Drosophila Breakout Group



Drosophila remains a key model organism for the development and application of genomics and proteomics. Its unique advantages include the exquisite genetic approaches and resources that have accumulated over almost a century. These are continually being augmented and improved upon as genetic technology advances. Drosophila is also host to a large and diverse community of researchers representing virtually every area of investigation of biological function. Drosophila is also a system that can be studied at relatively low cost and that has biological complexity comparable to that of a mammal. Many organ systems in mammals have well-conserved homologues in Drosophila, and Drosophila research has already led the way in providing new insights into cancer, neurodegenerative diseases, behavior, aging, complex multifactorial inheritance, and development. In addition, the past years of investment in Drosophila research and the soon anticipated completion of the genomic sequence will catalyze still more outstanding research and insights into normal and disease mechanisms.

The Drosophila community is in broad agreement that the opportunities and challenges in Drosophila genomics and genetics can be met successfully only with the targeted development of shared genetic resources including the complete genomic sequence, a set of full-length unigene cDNA sequences, libraries of transposon mutants in all genes, adequate databases, stock centers, complete genomic expression analyses, polymorphism databases, and related goals. We believe that the successful development of these resources will benefit all biomedical researchers and catalyze a rapid wave of discovery with significant applications to human biology and disease.

In anticipation of this meeting the Drosophila board came together and discussed the needs of the community and drew up a document containing their thoughts on this topic. This "white paper" was then distributed to the community through FlyBase and the Drosophila electronic bulletin board and comments solicited. The resulting list of priorities was then discussed at the non-mammalian model organisms workshop and amended. The resource needs of the community have been divided into two major sets. Those in the first set are so firmly interdependent that it was difficult if not impossible to assign individual priorities to each of the items but that they as a group should have the highest priority. The second group consists of needs that were perceived as important but were of a somewhat lower standing. The following list represents the needs that would have the greatest impact on the community and would be the most valuable and cost effective to the research enterprise.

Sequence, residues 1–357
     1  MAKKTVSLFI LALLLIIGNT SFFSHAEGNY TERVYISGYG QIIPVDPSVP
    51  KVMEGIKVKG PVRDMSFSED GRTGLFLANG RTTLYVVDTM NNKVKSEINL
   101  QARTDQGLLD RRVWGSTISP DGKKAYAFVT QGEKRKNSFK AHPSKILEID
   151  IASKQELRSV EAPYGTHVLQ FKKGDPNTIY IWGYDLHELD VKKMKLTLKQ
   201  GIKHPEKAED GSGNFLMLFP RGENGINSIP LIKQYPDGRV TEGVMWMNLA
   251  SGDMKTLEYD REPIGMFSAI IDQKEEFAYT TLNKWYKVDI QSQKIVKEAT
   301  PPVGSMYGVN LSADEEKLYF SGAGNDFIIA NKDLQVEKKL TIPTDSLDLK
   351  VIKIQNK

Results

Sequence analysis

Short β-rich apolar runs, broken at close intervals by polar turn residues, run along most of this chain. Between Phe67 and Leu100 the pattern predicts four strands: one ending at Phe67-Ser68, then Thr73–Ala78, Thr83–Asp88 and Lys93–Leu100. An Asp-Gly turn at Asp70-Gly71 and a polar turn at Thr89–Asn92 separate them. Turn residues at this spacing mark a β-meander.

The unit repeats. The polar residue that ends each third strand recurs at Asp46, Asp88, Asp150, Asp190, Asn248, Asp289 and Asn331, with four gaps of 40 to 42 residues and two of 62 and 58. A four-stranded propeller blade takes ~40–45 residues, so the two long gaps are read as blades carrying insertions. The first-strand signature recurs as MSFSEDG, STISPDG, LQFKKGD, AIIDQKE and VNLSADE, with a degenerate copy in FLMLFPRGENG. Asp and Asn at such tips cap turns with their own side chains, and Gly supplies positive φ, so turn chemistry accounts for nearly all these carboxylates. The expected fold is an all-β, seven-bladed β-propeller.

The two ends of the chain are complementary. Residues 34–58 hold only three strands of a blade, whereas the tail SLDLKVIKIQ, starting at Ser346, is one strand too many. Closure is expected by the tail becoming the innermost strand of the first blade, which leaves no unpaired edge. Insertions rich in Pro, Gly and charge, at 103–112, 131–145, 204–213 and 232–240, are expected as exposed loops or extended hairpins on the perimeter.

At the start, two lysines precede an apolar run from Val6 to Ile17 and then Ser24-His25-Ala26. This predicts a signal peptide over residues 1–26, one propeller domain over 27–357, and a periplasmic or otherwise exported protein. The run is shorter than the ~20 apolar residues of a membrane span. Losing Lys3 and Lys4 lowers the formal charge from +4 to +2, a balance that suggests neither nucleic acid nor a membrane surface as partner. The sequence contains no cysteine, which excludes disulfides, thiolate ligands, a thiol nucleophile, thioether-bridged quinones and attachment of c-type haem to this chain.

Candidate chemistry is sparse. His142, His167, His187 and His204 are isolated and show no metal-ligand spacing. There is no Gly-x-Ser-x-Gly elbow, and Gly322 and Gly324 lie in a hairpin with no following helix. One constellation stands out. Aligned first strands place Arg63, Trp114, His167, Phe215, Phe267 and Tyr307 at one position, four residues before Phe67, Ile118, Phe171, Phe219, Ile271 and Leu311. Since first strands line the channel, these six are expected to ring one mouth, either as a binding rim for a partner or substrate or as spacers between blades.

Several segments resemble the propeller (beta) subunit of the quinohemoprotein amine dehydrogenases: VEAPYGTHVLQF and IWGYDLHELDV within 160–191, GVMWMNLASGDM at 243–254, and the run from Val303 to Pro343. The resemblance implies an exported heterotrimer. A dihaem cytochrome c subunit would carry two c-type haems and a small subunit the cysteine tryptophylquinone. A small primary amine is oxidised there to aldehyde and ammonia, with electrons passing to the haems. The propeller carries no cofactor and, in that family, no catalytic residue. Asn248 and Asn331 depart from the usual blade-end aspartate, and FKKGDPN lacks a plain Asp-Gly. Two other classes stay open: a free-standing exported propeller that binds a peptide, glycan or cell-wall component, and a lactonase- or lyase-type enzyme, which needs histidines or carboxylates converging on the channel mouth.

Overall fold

Finish the Drosophila genome sequence by the end of 2000. The sequence should also be well annotated. Achieving this crucial goal is consistent with the Five Year Plan for the Genome Project and will require full funding of the already approved grant for sequencing the Drosophila genome ($44,000,000 for the three year period from 12/1/98—11/30/01). Finishing sooner would greatly accelerate important biomedical research progress and avoid lost opportunity costs.

Completion of high quality sequences of full-length cDNA clones corresponding to all genes in the genomic sequence (and their major alternative splice forms) and the assembly of a complete "unigene set" of all major expressed transcripts. The cDNAs should be made available in appropriate vectors in anticipation of their use in proteomic analyses. This "rosetta stone" will be crucial to fully comprehend the range of proteins encoded in the Drosophila genome. This goal can likely be accomplished for $8,000,000 and could be accomplished in 2 years.

Genetic resources. This top priority comprises three interrelated goals, the expansion of the stock centers and FlyBase being absolutely indispensable to the entire Drosophila genome project.